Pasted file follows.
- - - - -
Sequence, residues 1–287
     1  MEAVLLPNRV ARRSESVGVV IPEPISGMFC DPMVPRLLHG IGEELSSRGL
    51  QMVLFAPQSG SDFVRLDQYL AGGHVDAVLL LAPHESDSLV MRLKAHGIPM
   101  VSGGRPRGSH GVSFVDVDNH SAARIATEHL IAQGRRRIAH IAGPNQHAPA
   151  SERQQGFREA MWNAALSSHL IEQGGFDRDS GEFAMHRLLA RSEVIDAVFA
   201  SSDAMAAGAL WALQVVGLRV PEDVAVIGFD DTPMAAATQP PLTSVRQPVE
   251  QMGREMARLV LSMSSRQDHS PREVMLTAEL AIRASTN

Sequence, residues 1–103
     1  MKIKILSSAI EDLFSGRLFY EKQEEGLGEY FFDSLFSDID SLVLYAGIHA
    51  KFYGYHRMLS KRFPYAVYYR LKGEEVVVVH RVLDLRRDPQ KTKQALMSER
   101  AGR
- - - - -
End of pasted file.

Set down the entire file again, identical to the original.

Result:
Sequence, residues 1–287
     1  MEAVLLPNRV ARRSESVGVV IPEPISGMFC DPMVPRLLHG IGEELSSRGL
    51  QMVLFAPQSG SDFVRLDQYL AGGHVDAVLL LAPHESDSLV MRLKAHGIPM
   101  VSGGRPRGSH GVSFVDVDNH SAARIATEHL IAQGRRRIAH IAGPNQHAPA
   151  SERQQGFREA MWNAALSSHL IEQGGFDRDS GEFAMHRLLA RSEVIDAVFA
   201  SSDAMAAGAL WALQVVGLRV PEDVAVIGFD DTPMAAATQP PLTSVRQPVE
   251  QMGREMARLV LSMSSRQDHS PREVMLTAEL AIRASTN

Sequence, residues 1–103
     1  MKIKILSSAI EDLFSGRLFY EKQEEGLGEY FFDSLFSDID SLVLYAGIHA
    51  KFYGYHRMLS KRFPYAVYYR LKGEEVVVVH RVLDLRRDPQ KTKQALMSER
   101  AGR